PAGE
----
Understanding The Major Scale

The major scale is probably the most important scale there is. All other scales can be derived from it. If you totally understand the major scale you will be able to understand every other scale there is! Let’s take a close look at this very important scale…

You may have read in a book that the major scale has the following formula…


(W = Whole Step = fret distance)

(H = Half Step = fret distance)

So what does the above formula mean?

This formula tells you the distance between each note of the major scale. (Some geeky people like me call this the intervallic structure of the major scale).

As an example, here’s the F major scale mapped out on the thick E-string…

F Major Scale

Please spend a couple of minutes looking at this diagram. What do you notice about it?

Here are a few observations:

  • The distance between notes 1 and 2 is two frets (W).
  • The distance between notes 2 and 3 is two frets (W).
  • The distance between notes 3 and 4 is one fret (H).
  • The distance between notes 4 and 5 is two frets (W).
  • The distance between notes 5 and 6 is two frets (W).
  • The distance between notes 6 and 7 is two frets (W).
  • The distance between notes 7 and 1 is one fret (H).

All clear? Fantastic!

Because we all learn differently, here’s the same F major scale shown in a table format—this time with the note names shown…

F Major Scale Table

Now, here’s a question for you. Why have I called the fourth note in F major “Bb” and not “A#”?

This brings us to an important rule…

Important Reminder
In the example above, if we had called the fourth note A# it would mean we wouldn’t have some kind of a B in the scale.

I’ve found through my experience with teaching that people learn best by doing, so here is a great exercise for you to do…

Below is a table for you to print and fill out. You will need to work out the notes of all the major scales. Don’t be afraid of using your guitar to help you work out the notes. And don’t panic if you get stuck. I’ll be giving you the answers a little bit later…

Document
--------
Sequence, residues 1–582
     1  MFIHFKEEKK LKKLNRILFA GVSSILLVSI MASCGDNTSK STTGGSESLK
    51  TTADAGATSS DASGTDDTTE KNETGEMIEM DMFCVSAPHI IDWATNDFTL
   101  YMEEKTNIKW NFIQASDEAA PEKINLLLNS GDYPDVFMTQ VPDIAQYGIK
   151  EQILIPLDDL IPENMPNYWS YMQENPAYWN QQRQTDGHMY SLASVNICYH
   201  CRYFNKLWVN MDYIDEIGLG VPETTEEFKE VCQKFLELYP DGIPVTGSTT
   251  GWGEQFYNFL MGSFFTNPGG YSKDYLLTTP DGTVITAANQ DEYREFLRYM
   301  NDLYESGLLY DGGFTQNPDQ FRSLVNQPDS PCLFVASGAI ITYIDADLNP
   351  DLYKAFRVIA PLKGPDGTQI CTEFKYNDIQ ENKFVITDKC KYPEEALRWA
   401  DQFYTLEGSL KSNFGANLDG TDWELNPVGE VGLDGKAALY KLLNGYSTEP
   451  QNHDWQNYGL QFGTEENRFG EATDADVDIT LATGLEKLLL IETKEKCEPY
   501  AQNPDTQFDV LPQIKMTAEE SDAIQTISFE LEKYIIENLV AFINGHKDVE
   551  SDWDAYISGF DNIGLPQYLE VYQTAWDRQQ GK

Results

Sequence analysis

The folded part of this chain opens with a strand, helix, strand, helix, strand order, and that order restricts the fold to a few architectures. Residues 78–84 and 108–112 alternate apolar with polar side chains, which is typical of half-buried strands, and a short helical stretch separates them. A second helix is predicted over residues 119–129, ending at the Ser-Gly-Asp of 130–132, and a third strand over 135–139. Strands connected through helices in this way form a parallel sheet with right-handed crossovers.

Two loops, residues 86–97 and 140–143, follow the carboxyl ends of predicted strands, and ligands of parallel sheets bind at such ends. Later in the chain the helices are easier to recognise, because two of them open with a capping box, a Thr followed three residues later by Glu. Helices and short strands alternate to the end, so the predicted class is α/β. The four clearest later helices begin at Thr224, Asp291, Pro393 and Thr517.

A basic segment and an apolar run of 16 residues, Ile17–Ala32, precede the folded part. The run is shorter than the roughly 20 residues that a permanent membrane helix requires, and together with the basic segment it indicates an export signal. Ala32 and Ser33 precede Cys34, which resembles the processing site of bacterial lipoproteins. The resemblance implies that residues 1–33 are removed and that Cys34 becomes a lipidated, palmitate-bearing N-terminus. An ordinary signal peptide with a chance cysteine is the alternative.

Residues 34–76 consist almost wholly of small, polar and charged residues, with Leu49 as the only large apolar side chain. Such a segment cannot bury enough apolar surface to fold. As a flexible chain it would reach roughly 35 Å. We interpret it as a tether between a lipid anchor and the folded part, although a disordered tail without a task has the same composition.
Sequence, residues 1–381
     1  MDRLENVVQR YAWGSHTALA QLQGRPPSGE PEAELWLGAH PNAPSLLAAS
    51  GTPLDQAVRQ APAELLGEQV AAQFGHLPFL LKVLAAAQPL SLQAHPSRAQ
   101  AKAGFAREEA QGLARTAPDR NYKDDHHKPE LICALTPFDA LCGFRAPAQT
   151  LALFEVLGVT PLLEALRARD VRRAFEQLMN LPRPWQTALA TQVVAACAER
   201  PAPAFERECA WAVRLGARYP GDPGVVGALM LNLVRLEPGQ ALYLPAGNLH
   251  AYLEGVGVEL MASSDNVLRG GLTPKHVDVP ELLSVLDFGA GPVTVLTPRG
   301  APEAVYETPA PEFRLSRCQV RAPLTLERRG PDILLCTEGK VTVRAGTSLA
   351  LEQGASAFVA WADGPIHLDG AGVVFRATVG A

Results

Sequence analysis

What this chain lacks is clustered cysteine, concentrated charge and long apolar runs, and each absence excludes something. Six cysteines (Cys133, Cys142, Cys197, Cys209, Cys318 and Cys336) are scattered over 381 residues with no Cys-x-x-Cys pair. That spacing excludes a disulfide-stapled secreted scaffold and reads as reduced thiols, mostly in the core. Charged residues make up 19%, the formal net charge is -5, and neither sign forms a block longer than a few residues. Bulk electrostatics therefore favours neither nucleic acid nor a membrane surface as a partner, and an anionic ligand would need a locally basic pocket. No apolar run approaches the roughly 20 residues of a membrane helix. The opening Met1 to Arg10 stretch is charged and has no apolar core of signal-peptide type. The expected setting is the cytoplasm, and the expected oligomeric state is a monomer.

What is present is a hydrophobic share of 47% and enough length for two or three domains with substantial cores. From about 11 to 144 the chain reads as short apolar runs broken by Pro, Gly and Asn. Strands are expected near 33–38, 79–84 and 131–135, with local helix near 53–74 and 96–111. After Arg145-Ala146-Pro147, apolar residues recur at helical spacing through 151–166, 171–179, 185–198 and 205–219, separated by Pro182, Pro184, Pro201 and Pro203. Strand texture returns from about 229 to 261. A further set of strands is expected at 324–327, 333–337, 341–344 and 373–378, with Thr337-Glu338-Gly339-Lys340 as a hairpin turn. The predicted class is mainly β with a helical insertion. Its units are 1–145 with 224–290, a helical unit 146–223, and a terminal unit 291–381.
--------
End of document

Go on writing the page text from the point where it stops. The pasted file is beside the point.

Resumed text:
All Major Scales: Questions

OK. Now print out this page and take the time to fill out this table. Once you’re done, then you’re ready to continue reading. Please don’t skip filling out the table.

So how did it go?

The main area where people can get confused is with major scales that contain weird notes like Cb, B#, Fb and E#. A lot of students, for example, ask me “why do we call it a Cb and not B”? I then have to remind them of the following rule…

Important Reminder

Let’s go through an example. Here is the Gb major scale…

Gb Major Scale Table
Notice how the fourth note is a Cb. If we had called it a B, we wouldn’t be following the rule…

Important Reminder

Yes, I know I’m repeating myself. But it’s that important. 🙂

You’ll notice that the “weird notes” Cb, B#, Fb and E# appear around the half-steps in the musical alphabet (E-F and B-C). Here are a couple of diagrams showing this…

Weird Notes: B and C

Weird Notes: E and F

I would highly recommend memorizing these diagrams. All you really need to understand is…

  • Another name for is Cb.
  • Another name for is B#.
  • Another name for is Fb.
  • Another name for is E#.

Right. That about covers this introduction to the major scale. Be sure to review this material on a regular basis. It’s important, because a great deal of music theory is derived from the major scale.

Oh yeah. Before I forget. I need to give you the answers to the table you filled out earlier. Here they are…

All Major Scales: Answers

Putting It Into Practice

You need to get in the habit of playing what music theory you learn. This will allow you to both understand the theory better, and also help you be in a better position to apply it. So, with that in mind, here’s a really useful C Major scale fingering that I recommend learning now…

C Major Scale:

C Major Scale Exercise

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